Report highlights complexities of 'ingredient-driven' outbreaks and importance of rapid investigation
MONDAY, Feb. 9 (HealthDay News) -- The widespread outbreaks of Salmonella infections that hospitalized 116 patients and may have contributed to the deaths of eight people were traced to peanut butter and peanut paste used in other products manufactured by Peanut Corporation of America at its factory in Blakely, Ga., according to a report published in the Feb. 6 issue of the U.S. Centers for Disease Control and Prevention's Morbidity and Mortality Weekly Report.
Carlota Medus, Ph.D., of the Minnesota Department of Health in St. Paul, and colleagues describe how investigations beginning on November 25, 2008 into two clusters of infection with the Salmonella serotype Typhimurium were subsequently merged, leading investigators to discover an association with consumption of peanut butter.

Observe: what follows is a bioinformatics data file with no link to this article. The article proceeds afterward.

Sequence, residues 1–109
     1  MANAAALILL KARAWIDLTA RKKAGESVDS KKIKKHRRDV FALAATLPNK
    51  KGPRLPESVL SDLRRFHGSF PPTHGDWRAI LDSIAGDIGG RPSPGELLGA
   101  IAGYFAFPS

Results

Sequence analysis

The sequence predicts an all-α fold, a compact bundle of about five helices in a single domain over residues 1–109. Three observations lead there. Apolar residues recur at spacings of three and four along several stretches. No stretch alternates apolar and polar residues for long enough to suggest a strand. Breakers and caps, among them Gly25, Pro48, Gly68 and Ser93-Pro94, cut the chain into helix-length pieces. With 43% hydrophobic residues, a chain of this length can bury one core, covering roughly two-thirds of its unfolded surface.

Case control studies conducted by the CDC confirmed suspicions that peanut butter was the source of infection when they showed that 69 percent of case patients had eaten peanut butter in the week prior to infection versus 48 percent of the controls, and that 73 percent of case patients had eaten peanut butter crackers versus 17 percent of controls.
"This outbreak highlights the complexities of 'ingredient-driven' outbreaks and the importance of rapid outbreak detection and investigation," the authors write. "Consumers are advised to discard and not eat products that have been recalled."